Study: People can feel true love for objects

For many, Valentine’s Day is an opportunity to show that special someone how they truly feel.

But a study conducted by ASU researchers reveals that special “someone” might actually be a special “something.”

The study, published in the January issue of the Journal of Consumer Research, shows that a person can have feelings of love for material things, not just other people.

“I think we’ve been taught that while people can like things, love is something that is reserved for the feelings that one person can have for another,” marketing professor and principal investigator John Lastovicka said. “However, our research shows that is not the case.”

Lastovicka and former doctoral business student Nancy Sirianni started their study on “material possession love” in December 2006.

They originally began the study looking for “frugal materialism” by interviewing people at car shows and owners of classic cars. It wasn’t long before they noticed the strong emotions their interviewees had for their vehicles.

Lastovicka and Sirianni set out to conduct hundreds of interviews. Over the course of three years they found several cases of people expressing real love toward their possessions.

“Some even teared up when asked about how much their car meant to them,” said Sirianni, who now works at Texas Christian University in Fort Worth, Texas.

Sirianni said the study went beyond spending and materialism and was more about real human emotions.

“John and I knew we were on to something important, and the project then became about material possession love,” Sirianni said.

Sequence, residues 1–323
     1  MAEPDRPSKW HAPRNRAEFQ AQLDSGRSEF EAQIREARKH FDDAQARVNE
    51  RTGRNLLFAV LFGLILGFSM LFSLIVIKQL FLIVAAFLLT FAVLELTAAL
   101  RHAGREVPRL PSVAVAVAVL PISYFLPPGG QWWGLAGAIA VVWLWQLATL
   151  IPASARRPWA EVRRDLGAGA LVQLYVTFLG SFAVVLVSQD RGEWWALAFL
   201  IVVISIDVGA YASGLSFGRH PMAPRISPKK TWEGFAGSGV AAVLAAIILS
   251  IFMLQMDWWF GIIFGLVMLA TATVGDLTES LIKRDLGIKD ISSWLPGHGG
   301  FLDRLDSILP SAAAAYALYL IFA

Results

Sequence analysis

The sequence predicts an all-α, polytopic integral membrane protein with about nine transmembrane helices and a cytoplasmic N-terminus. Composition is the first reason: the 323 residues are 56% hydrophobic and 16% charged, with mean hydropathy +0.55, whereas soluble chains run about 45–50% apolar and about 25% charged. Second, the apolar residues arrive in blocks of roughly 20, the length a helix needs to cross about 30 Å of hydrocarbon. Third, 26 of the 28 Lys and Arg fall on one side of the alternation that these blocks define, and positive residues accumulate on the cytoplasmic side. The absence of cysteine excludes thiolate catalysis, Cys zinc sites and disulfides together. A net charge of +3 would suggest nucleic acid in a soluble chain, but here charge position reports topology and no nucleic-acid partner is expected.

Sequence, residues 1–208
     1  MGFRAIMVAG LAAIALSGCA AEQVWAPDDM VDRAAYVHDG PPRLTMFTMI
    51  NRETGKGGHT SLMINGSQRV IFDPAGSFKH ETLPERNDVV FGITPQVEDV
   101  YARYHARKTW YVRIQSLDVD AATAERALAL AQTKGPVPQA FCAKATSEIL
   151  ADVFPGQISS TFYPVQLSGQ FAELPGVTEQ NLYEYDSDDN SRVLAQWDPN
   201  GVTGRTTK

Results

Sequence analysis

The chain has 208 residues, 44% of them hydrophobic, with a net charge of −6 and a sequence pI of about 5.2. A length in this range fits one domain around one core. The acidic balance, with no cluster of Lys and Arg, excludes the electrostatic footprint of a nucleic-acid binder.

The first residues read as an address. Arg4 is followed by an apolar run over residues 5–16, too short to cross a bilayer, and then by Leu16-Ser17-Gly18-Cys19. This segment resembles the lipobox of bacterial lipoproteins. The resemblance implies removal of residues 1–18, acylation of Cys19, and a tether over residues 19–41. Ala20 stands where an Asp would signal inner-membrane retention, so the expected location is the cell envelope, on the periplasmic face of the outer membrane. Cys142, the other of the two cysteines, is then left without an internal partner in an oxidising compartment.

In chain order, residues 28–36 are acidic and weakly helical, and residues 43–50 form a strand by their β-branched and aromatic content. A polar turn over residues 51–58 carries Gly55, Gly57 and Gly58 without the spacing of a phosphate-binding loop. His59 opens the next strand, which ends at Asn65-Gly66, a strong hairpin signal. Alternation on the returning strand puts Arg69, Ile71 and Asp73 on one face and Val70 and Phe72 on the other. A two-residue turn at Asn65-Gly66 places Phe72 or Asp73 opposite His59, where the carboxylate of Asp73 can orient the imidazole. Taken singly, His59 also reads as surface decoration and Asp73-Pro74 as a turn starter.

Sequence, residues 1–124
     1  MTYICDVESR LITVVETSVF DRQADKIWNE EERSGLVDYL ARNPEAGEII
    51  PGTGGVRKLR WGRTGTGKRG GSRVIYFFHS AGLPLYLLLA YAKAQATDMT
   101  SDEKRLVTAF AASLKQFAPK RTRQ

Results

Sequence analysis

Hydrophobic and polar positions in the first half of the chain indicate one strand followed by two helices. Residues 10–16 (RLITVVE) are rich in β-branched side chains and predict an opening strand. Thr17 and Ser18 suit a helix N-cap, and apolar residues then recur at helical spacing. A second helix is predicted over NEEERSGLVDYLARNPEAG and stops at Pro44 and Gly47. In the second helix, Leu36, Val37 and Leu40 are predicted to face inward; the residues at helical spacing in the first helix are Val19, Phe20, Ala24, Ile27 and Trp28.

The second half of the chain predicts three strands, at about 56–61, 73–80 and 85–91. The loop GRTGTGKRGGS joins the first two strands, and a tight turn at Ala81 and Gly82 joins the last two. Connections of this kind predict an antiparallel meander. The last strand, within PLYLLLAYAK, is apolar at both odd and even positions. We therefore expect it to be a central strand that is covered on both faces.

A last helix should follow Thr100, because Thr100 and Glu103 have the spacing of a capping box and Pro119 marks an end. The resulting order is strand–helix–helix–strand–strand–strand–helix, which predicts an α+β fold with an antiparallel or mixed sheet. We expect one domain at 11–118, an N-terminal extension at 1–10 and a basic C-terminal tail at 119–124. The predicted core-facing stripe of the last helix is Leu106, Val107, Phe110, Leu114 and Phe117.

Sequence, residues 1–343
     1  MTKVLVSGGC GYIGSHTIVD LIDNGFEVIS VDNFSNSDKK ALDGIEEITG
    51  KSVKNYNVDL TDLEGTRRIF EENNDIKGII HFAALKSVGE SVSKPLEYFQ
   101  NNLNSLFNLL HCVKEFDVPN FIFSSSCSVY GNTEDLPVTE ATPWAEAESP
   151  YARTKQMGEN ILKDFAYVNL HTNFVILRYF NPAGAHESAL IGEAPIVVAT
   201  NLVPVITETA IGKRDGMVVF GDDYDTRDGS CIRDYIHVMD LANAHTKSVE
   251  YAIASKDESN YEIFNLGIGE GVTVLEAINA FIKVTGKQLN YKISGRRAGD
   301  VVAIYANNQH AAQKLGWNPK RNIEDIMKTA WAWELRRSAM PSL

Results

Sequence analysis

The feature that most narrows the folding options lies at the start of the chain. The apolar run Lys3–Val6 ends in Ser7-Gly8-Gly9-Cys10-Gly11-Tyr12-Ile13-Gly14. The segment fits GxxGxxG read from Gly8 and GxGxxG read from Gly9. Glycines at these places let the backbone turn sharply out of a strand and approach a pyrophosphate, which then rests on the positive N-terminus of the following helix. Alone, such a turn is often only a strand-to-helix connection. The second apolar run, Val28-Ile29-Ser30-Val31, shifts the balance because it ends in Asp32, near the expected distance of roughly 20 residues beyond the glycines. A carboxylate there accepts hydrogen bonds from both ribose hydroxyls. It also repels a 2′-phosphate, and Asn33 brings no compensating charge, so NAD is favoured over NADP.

Lastovicka and Sirianni used three key emotions to determine if those interviewed were expressing true humanistic feelings toward their possessions: passion, intimacy and commitment.

Passion is described as the urge or drive to be with the object, Sirianni said.

“They were petting their cars, even caressing them … they couldn’t keep their hands off of them, quite actually,” she said.

Intimacy is described as truly knowing the beloved possession, whether that be physically through the vehicle’s paint chips, angles and corners, or intellectually through the vehicle identification number and history of the make and model.

Commitment is described as wanting to keep the car forever, Sirianni said.

“One [interviewee] even imagined that he would only sell his car if he were to learn that he had a terminal disease,” Sirianni said.

Both qualitative and quantitative approaches were used in the study. Lastovicka and Sirianni used a qualitative approach by conducting long interviews at car shows in and around Phoenix.

The two researchers developed survey questions to measure the qualities that comprise love. They then used a quantitative approach by testing the survey questions with members of online forums and ASU students.

“We found compelling evidence,” Sirianni said. “Those in love spent six times more on their cars than those not in love.”

Lastovicka and Sirianni wanted to express that feeling of love toward a possession is not unhealthy and such harsh judgment is a “problem.”

Sirianni said these emotions are very real to them and that demonstrating these emotions is OK.

“I love my car; she’s my baby,” said business management freshman Preston Lindsey, who named his car “Shasta.”

Lindsey said he would cry if he were to get into an accident while driving his car.

“When I was home I would wash it once or twice a week,” Lindsey said.

He said he spent about $4,000 to enhance the vehicle. He now has a license plate with his name on it and is still driving the car.

The study concludes that people can feel true emotions toward their possessions, whether a car, firearm, motorcycle or any other prized item.

A big challenge is accepting that people can actually love their possessions, Sirianni said. Many people, upon first learning about the project, seemed to judge these individuals as having “non-healthy” behavior.

“These people are just like you and me, in fact, they are you and me,” Sirianni said.

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